- - New Study Suggests Slow, Steady Increase in Exercise Intensity is Best for Cardiac Health

New Study Suggests Slow, Steady Increase in Exercise Intensity is Best for Cardiac Health

According to a study recently published in the medical journal Circulation, for most people, the benefits of aerobic exercise far outweigh the risks, however, extreme endurance exercise — such as participation in a bike race or triathlon for people who aren’t accustomed to high-intensity exercise — can raise the risk of sudden cardiac arrest, atrial fibrillation (a heart rhythm disorder) or heart attacks. 

Aerobic exercises are activities in which the large muscles move in a rhythmic manner for a sustained time. They can be done at low intensity or high intensity that include cycling, as well as other forms of exercise like walking, running and swimming.  

“Exercise is medicine, and there is no question that moderate to vigorous physical activity is beneficial to overall cardiovascular health. However, like medicine, it is possible to underdose and overdose on exercise — more is not always better and can lead to cardiac events, particularly when performed by inactive, unfit, individuals with known or undiagnosed heart disease,” said Barry A. Franklin, Ph.D., chair of the writing committee for the new Scientific Statement, director of preventive cardiology and cardiac rehabilitation at Beaumont Health in Royal Oak, Michigan, professor of internal medicine at Oakland University William Beaumont School of Medicine in Rochester, Michigan.

“More people are participating in bike races and triathlons and doing high-intensity interval training. The purpose of this statement is to put the benefits and risks of these vigorous exercise programs in perspective,” said Franklin.

After reviewing more than 300 scientific studies, the writing committee found that, for the vast majority of people, the benefits of exercise and improving physical fitness outweigh the risks. Physically active people, such as cyclists, have up to a 50% lower risk of heart attack and sudden cardiac death. However, the committee also identified potential risks with intense exercise training.

The writing group also reviewed a small study that concluded the risk of sudden cardiac death or heart attack is low among people participating in high-intensity exercise such as bike races and  triathlons. However, over time, the risk of heart attack or sudden cardiac death among males has risen, suggesting that these events are attracting higher risk participants (those who may have an underlying or undiagnosed cardiovascular condition such as heart rhythm abnormalities or a prior heart attack). For women, who comprised only 15% of the study population, the occurrence of sudden cardiac death was 3.5-fold less than in men.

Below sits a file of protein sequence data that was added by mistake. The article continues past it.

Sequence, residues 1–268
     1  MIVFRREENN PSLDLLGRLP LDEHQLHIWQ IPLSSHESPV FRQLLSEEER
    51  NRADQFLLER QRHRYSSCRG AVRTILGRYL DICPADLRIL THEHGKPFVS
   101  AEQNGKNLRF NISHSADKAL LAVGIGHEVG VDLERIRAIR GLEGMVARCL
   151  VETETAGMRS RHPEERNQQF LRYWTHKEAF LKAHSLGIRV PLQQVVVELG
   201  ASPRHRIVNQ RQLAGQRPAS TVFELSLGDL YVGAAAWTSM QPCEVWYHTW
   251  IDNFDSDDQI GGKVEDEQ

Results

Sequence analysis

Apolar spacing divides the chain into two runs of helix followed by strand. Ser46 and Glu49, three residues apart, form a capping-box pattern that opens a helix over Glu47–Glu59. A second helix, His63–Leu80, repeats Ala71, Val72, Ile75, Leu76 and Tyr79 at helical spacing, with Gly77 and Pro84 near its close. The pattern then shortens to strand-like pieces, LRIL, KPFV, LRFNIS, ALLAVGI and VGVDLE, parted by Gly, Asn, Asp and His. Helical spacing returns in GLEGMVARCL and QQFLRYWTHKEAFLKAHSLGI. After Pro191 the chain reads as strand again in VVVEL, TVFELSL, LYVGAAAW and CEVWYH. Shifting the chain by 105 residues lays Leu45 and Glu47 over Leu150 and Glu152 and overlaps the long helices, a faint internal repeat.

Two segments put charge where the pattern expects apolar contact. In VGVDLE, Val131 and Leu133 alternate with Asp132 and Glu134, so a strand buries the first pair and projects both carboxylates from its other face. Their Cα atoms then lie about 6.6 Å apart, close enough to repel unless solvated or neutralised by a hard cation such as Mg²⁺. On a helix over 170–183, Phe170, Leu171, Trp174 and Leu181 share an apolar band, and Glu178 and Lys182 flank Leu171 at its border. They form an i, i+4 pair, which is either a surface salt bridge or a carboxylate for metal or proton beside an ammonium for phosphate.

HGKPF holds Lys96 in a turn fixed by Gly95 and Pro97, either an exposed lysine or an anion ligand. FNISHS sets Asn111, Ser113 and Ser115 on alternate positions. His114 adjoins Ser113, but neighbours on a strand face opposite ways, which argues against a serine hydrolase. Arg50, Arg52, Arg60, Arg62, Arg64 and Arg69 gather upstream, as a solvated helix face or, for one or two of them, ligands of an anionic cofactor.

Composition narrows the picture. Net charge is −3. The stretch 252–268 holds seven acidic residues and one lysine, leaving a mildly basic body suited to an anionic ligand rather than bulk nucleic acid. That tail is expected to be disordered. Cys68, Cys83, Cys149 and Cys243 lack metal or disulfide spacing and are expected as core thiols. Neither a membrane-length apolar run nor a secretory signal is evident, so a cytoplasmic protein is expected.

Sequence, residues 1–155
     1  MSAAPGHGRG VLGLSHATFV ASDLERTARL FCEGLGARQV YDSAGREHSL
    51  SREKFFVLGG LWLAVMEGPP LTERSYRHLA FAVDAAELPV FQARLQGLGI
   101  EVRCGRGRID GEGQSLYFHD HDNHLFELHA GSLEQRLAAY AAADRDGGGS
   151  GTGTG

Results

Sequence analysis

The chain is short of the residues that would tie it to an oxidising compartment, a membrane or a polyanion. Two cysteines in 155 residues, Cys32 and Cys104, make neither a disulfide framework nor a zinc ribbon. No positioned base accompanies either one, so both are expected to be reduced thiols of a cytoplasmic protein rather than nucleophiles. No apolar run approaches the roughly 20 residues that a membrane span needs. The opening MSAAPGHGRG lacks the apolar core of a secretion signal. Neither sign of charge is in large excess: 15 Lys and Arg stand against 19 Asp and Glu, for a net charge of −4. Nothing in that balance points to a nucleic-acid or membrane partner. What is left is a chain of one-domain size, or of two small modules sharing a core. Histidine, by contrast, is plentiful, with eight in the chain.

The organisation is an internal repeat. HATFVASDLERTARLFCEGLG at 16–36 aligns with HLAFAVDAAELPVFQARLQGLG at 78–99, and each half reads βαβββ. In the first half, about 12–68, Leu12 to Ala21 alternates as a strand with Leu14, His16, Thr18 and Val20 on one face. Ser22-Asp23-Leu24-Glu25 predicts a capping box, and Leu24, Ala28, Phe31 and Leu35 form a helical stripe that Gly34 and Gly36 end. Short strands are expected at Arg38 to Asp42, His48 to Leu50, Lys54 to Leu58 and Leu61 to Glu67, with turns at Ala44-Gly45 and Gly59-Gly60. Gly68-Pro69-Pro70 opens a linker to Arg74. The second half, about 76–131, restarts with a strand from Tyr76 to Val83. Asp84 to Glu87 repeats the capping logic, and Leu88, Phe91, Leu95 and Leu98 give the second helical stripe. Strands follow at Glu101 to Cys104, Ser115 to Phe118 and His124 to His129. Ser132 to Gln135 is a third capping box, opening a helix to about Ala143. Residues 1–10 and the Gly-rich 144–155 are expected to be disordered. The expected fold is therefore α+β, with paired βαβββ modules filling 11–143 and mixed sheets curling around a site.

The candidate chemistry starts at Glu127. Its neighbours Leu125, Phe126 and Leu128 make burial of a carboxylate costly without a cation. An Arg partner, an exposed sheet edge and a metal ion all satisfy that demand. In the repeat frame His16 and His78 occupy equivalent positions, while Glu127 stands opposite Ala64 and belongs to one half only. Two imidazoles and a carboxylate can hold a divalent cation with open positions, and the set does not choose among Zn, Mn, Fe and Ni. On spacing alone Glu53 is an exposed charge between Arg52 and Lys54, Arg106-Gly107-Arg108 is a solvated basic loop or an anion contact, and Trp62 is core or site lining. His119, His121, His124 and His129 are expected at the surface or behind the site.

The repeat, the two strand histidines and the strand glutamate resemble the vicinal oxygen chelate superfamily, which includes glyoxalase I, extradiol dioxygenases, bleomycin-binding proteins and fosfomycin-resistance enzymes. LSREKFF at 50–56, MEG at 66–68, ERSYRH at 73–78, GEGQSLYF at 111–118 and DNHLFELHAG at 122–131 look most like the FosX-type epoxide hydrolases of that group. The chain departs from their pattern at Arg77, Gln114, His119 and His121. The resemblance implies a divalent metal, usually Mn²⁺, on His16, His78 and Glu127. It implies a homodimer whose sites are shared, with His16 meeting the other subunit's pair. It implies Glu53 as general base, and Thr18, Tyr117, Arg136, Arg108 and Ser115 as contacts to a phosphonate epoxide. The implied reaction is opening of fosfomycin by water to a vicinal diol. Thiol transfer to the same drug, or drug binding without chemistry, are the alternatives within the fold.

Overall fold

Among participants in triathlons almost 40% of cardiac events occurred in first-time participants, indicating that inadequate training or underlying heart problems may be involved. The writing group also found that:

  • Half of cardiac events occur in the last mile of a marathon or half-marathon, so maintaining a steady pace rather than sprinting is advised;
  • The risk of cardiac events is greater at high altitudes, but can be decreased by spending at least one day acclimating to the elevation prior to strenuous activity;; and
  • Risk of atrial fibrillation (AFib), a common heart arrhythmia that raises the risk of stroke, is beneficially reduced with moderate exercise volumes but is highest in people who are sedentary and almost as high in people who are engaged in very high volumes of exercise training, that is, high-intensity training (such as running 60-80 miles a week).

For people who want to become more active, the Association suggests that most people can start a light program of exercise and build up slowly to a moderate to vigorous exercise regimen without seeing a physician first, unless they have physical symptoms such as chest pain, chest pressure or severe shortness of breath while exercising. “It is important to start exercising — but go slow, even if you were an athlete in high school,” said Franklin.

In addition, people with known heart disease (such as a previous heart attack, bypass surgery or angioplasty) should get their doctor’s approval prior to starting an exercise program.

For currently inactive/sedentary people, the Association also suggests checking with your doctor before engaging in any strenuous activities such as shoveling snow or racquet sports, which create rapid increases in heart rate and blood pressure and greatly increase the strain on the heart.

To implement a healthy physical activity program:

  • Warm at a slower pace to let your heart rate rise gradually;
  • Initially cycle on moderate terrain before progressing to challenging hills, as long as no symptoms occur such as shortness of breath, lightheadedness, chest pain or chest pressure;
  • Increase the amount of time spent on exercise incrementally and build up slowly to the desired time;
  • Lower the intensity of your exercise when environmental conditions place a greater strain on the heart, such as high humidity or high altitude to which you are not accustomed;
  • Cool down after exercise by cycling at a slow pace to let your heart rate return to normal; and
  • Stop and seek medical evaluation if you experience any heart-related symptoms such as lightheadedness, shortness of breath, or chest pain or pressure.

Leave a reply
Share on